Uncompressed Video Transmission networks

Digital uncompressed video transmission using drop and insert circuits has the benefits of standard network capabilities. It does not compromise the video quality in any way.

A drop and insert circuit is simply a daisy chain of transmission nodes where each unit is connected typically by 1-2 fibres. At each node a number of video channels can be inserted, this can vary from a single channel upwards making it particularly useful for traffic monitoring.

The use of this technology means that a transmission ring can be put in place which provides redundancy but does not require any network skills.

In the event of a failure of a node the ring can “self heal” ensuring that the other CCTV inputs are unaffected. The repair of the node is a simple replacement and configuration of the channel numbers. This type of equipment also offered a network channel and serial ports, this means that it is possible to connect traffic controllers and IP devices on to these devices thus maximising the use of the transmission equipment.

A typical configuration is shown in figure 2 where 8 channels of video are provided, two at each location as well as an Ethernet capability and serial ports.

The network developed is a managed system using SNMP thus allowing connection to the main Fault Management System for automatic notification of loss of video or data as well as node failure.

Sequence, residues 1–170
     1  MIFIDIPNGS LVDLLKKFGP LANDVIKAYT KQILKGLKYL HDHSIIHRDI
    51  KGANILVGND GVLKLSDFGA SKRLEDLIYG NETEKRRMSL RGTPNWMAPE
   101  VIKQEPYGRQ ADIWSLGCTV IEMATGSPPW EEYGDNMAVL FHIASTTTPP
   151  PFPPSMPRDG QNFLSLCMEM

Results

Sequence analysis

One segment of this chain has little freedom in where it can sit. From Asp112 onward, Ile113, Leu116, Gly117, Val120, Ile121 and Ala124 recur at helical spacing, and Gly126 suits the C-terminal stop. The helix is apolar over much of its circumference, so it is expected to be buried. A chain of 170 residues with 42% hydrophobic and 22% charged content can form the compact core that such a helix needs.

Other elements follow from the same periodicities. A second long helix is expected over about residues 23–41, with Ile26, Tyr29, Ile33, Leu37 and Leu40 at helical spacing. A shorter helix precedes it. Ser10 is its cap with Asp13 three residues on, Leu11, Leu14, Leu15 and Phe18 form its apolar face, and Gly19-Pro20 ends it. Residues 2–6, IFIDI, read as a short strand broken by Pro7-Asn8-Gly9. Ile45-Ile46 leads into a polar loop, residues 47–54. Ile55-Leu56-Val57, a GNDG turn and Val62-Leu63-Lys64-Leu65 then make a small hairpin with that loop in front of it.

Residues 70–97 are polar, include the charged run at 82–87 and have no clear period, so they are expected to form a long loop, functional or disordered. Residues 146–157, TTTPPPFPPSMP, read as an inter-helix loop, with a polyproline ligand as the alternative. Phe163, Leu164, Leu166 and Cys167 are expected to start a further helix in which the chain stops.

Public Transport

CCTV has a vital role to play in the operation of the Light Rail System in Dublin, both from a traffic management aspect as well as the important role of public safety.

All of the Light Rail Stops in Dublin are monitored by CCTV. On Quality Bus Routes the extensive CCTV coverage along the routes are shared with the Police in order to increase public safety.

The Digital Uncompressed Video Transmission System on QBC routes is now planned to be extended to enable the provision of Real Time Passenger Information at bus stops. This will make use of the Ethernet capability of these units, as well as providing the existing journey time information collected using number plate

Conclusion

When considering CCTV systems for applications such as urban and motorway working it is important to ensure that the transmission system used does not have adverse consequences for the future. If the incorrect medium is chosen then this could seriously limit the quality of CCTV images displayed as well as the use of any scene analysis software which may need to be deployed in the future.

Dublin City Council experience has been to date that it is better to ensure that whatever network is chosen can deliver as high a quality video image back to a control centre, from there it may be converted to network video and stored or distributed as required.
 

Dublin City Centre
Dublin City Centre
Dublin City Council Control Centre
Dublin City Council Control Centre
Dublin City Tram System
Dublin City Tram System
Figure 1. Dublin City Diagram of DCC IP network
Figure 1. Dublin City Diagram of DCC IP network
Dublin City Equipment at out-stations
Dublin City Equipment at out-stations
Figure 2. Dublin City Equipment Schematic
Figure 2. Dublin City Equipment Schematic